Over 30 years old with Aspergers Syndrome, How do you cope?

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posted on Aug, 19 2012 @ 12:22 AM
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reply to post by bluemirage5
 

So someone doesn't choose to 'fit in', or doesn't 'get it', and that gets them a tattoo?

Who the f wants to 'fit in'? Have you really listened to small talk? It is insane. If I really wanted to be alone, I'd make sure I was surrounded by normal persons. How much smaller can the world become? I'd be alone if I weren't alone. This syndrome must have roots in the new healthcare package, I just know it.




posted on Aug, 19 2012 @ 12:23 AM
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reply to post by DaTroof
 


Pills are not prescribed for Asperger's syndrome per se. If the particular Aspie is having anxiety issues, sleep issues, depression or difficulty controlling their temper, the doc may prescribe something to address that, just like every other person.

There is no pill for Asperger's. Big Pharma makes nothing off of it. But if you don't want to believe an autism spectrum order exists, that is your right.

May you be blessed with an Aspie child in the future. You won't mind, since it's nothing, right?



posted on Aug, 19 2012 @ 12:25 AM
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reply to post by davidmann
 


It's not a choice issue, we don't just choose not to fit in.



posted on Aug, 19 2012 @ 12:42 AM
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Someone asked if there is a support group in my area.

No unfortunately there is not, I live in rural South Australia, Riverland.

Anyone else from there lol?



posted on Aug, 19 2012 @ 12:44 AM
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Well, one thing I did was join, the wrong planet forum, and WOW, I felt like I was finally home..

My son is also an aspie, and my boyfriend.....

Having 3 of us in one house is a blessing and a curse, as we ALL isolate ourselves and need sooooo much alone time, but when we do want company, we can be out of sinc sometimes if that makes sense.

I find it is also easier to not have to feel bad for not living up to the egoic and selfish expectations of others anymore...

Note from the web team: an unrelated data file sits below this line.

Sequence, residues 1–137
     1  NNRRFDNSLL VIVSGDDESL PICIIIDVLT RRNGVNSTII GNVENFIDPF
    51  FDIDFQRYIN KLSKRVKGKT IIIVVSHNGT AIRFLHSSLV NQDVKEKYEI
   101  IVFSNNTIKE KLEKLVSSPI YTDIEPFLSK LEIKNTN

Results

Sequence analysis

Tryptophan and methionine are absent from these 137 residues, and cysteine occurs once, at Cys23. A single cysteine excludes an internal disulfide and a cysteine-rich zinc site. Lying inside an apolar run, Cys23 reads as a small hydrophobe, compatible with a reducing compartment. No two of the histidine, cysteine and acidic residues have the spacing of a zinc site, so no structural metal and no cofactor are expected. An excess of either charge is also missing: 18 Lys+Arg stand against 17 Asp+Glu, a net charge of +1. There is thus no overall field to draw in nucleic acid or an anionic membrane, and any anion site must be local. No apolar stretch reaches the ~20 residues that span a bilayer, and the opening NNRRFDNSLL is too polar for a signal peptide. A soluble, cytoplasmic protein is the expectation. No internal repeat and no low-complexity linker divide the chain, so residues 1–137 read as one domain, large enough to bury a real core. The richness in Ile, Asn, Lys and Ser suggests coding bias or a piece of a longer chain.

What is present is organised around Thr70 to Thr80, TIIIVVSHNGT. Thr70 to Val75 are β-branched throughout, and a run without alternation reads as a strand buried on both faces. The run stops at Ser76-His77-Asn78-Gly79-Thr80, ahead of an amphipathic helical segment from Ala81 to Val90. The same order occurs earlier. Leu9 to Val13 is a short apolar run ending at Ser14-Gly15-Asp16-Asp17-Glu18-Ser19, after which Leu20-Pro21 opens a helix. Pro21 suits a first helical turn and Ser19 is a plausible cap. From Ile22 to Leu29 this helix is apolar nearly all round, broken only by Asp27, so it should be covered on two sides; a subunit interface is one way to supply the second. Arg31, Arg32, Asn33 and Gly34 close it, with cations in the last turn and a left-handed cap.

i see myself as "different" than them, not "less than"....

In fact I think a lot of what would be labeled as "wrong" with me are things that I find "right" with me...

Accept yourself and dont try to fit in, just be YOU, and you would be surprised how many people are actually attracted to your "realness"....

Many will try to change you, but just let it go in one ear and out the other.

I spent a good year on wrong planet and then weened myself.... I was in tears with relief sooo many times, just realizing that there were others, and they totally "got it".

Peace!



posted on Aug, 19 2012 @ 12:50 AM
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Them folks just don't get it, and until you've walked a mile in our shoes you never will

This isn't something you "fix"
We Cannot just snap out of it and be like them.. those.. silly ants and their silly games
It woul'd be Great if it was just some myth, fallacy perpetrated by big Phama.. but its NOT

It is Very real and the OP (and that cat guy) show alot of strength to even bring & continuing this
"discussion" here on this site knowing what would become of set discussion *applauds*

Me.. I was pegged with it a few years back, I told the .. hmm.. lady to shove it.. im 34 now and a bit wiser
but i feel she was right, I can tick all those boxes, given up trying to "explain" how i see things, i no longer even bother trying to "socialize" .. no point.. it always ends up with me feeling like i should have just shut up or not even be there. Alone is an understatement, I've been alone since i was 14.. heaps of friends, great family.. totally alone in my head.